Black locust

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Black locust Robinia pseudoacacia


A common name for a small deciduous tree, Robinia pseudoacacia, native to the Appalachian and Ozark Mountains of the United States. The black locust tree is often planted for shade along European streets because it is pretty and tolerates pollution well. Locust trees have long paper pods that contain hard seeds. It produces hard, strong, heavy dark wood that was formerly used for shipbuilding and is now used for outdoor construction, fence posts, and mine timbers.

Synonyms and Related Terms

black locust (Robinia pseudoacacia); Gewöhnliche Robinie (Deut.); Falsche Akazie (Deut.); Silberregen (Deut.); robinier (Fr.); robinia (It., Ned., Port.); falsa acacia (Esp., It.); valse acacia (Ned., Port.); Robinia akacjowa (Pol.); false acacia; yellow locust; North American locust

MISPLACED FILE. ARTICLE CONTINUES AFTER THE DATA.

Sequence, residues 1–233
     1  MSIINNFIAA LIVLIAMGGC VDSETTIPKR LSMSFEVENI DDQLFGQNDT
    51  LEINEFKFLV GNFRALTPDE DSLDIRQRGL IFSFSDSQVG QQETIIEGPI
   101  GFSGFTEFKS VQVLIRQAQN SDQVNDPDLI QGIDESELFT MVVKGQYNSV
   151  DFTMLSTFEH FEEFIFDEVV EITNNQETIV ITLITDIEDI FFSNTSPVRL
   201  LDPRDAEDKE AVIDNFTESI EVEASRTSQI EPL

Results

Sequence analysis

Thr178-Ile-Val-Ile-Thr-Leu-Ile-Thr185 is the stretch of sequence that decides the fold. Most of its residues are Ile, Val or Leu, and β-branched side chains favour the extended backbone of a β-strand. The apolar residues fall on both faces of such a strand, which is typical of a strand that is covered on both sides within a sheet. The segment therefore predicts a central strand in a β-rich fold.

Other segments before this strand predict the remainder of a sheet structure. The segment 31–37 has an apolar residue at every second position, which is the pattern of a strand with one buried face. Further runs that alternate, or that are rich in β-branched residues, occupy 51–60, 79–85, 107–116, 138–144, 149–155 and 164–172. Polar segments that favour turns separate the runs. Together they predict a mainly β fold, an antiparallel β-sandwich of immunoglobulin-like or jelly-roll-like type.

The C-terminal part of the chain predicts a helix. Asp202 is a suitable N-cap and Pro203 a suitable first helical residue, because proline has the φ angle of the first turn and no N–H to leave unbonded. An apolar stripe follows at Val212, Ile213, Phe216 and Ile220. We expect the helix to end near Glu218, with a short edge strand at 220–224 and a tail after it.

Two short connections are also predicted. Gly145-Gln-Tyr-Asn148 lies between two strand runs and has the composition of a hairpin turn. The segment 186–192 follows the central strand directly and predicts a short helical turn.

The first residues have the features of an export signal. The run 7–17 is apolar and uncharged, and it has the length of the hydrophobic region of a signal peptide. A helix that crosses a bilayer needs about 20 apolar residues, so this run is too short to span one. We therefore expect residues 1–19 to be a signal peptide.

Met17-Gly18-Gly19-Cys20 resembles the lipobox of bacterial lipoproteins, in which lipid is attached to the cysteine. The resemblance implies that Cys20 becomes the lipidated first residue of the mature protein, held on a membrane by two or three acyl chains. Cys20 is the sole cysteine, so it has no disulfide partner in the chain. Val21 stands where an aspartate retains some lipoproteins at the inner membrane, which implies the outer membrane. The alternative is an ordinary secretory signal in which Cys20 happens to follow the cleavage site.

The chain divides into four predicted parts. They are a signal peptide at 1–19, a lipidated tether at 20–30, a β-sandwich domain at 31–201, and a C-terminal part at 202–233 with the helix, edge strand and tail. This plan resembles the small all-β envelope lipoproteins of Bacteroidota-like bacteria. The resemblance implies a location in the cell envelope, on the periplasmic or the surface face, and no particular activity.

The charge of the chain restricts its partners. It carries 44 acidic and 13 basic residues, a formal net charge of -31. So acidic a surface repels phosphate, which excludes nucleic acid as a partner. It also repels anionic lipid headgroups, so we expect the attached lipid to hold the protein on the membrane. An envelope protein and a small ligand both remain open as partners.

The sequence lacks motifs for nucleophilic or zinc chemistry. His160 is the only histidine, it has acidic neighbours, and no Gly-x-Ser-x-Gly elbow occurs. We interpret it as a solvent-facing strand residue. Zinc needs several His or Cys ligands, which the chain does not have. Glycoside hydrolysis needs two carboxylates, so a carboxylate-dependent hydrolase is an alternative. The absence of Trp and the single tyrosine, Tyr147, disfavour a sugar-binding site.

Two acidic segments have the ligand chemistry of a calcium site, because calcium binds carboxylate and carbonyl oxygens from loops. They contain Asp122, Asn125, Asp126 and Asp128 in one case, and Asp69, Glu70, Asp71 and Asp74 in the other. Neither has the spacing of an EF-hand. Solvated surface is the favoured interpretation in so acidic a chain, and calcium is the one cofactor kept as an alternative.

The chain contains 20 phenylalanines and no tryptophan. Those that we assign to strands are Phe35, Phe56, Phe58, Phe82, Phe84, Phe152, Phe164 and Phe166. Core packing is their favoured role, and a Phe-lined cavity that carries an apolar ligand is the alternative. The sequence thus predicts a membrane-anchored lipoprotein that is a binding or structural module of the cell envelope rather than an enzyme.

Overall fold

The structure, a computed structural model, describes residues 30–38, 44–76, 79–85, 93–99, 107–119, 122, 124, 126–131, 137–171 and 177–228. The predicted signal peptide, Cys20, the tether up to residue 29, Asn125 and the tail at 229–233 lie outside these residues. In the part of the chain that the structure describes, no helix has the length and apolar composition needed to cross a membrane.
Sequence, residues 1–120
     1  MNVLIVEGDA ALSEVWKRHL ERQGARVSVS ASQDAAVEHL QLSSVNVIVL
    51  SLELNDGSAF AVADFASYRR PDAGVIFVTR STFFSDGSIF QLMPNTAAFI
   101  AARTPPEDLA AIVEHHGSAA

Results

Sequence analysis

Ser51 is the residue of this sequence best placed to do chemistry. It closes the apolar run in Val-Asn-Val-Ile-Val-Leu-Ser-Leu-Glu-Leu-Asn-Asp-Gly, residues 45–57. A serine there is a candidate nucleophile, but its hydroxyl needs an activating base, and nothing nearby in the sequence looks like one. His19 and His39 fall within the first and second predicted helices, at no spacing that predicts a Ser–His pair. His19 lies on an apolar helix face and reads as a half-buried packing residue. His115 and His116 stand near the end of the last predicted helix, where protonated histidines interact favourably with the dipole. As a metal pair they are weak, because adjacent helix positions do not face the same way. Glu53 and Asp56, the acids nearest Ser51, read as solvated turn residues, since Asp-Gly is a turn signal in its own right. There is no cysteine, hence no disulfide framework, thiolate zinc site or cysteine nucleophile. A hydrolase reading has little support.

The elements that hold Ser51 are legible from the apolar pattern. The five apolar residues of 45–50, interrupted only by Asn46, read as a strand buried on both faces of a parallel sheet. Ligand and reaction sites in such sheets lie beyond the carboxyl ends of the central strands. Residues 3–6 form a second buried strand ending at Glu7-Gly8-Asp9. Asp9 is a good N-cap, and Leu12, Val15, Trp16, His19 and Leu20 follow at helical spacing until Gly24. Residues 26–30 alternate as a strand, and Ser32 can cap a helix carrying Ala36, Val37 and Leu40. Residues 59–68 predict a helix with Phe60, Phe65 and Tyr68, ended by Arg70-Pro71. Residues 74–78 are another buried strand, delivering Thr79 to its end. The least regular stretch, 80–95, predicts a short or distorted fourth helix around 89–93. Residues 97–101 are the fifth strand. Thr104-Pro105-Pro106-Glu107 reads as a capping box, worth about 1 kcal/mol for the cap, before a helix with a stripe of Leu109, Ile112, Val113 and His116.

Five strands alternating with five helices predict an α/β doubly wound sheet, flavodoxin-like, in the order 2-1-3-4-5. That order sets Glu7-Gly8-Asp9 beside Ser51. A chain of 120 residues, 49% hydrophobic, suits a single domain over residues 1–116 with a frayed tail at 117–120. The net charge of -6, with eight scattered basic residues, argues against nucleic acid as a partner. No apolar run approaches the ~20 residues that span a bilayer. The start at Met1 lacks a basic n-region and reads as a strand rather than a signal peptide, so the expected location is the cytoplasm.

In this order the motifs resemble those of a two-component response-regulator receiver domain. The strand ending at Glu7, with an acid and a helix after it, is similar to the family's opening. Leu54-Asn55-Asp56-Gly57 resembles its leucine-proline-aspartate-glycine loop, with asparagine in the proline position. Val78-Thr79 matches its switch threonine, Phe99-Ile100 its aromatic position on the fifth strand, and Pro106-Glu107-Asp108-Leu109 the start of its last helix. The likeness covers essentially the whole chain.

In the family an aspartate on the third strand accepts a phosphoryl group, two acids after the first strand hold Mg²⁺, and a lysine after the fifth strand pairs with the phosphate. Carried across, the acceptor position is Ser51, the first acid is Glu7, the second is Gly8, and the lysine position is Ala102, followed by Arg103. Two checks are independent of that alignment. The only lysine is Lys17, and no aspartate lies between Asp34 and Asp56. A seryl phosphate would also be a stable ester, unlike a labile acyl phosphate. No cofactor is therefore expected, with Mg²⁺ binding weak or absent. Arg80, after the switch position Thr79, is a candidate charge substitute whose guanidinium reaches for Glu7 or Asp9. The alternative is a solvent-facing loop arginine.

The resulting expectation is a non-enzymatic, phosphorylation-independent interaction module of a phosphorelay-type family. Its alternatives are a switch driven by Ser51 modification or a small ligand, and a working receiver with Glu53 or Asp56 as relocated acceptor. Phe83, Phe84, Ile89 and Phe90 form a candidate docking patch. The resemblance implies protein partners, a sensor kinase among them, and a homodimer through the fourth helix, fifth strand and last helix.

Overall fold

All parts of tree are considered toxic.

Physical and Chemical Properties

  • Medium tree growing to 15-25 m
  • Bark=thick, fibrous gray to brown color
  • Leaves = alternate pinnate
  • Flowers=fragrant white hanging cluster (10 cm long) in late spring.
  • Fruit = pale brown flat pod containing kidney shaped beans; ripens in fall.
  • Density = 55-65 ppcf

Resources and Citations

  • G.S.Brady, Materials Handbook, McGraw-Hill Book Co., New York, 1971 Comment: p. 462
  • F. H. Titmuss, Commercial Timbers of the World, The Technical Press Ltd., London, 1965 Comment: 55-65 ppcf
  • Dictionary of Building Preservation, Ward Bucher, ed., John Wiley & Sons, Inc., New York City, 1996
  • Virginia Tech Dendrology website at (accessed Oct. 8, 2005)
  • Random House, Webster's Encyclopedic Unabridged Dictionary of the English Language, Grammercy Book, New York, 1997
  • The American Heritage Dictionary or Encarta, via Microsoft Bookshelf 98, Microsoft Corp., 1998

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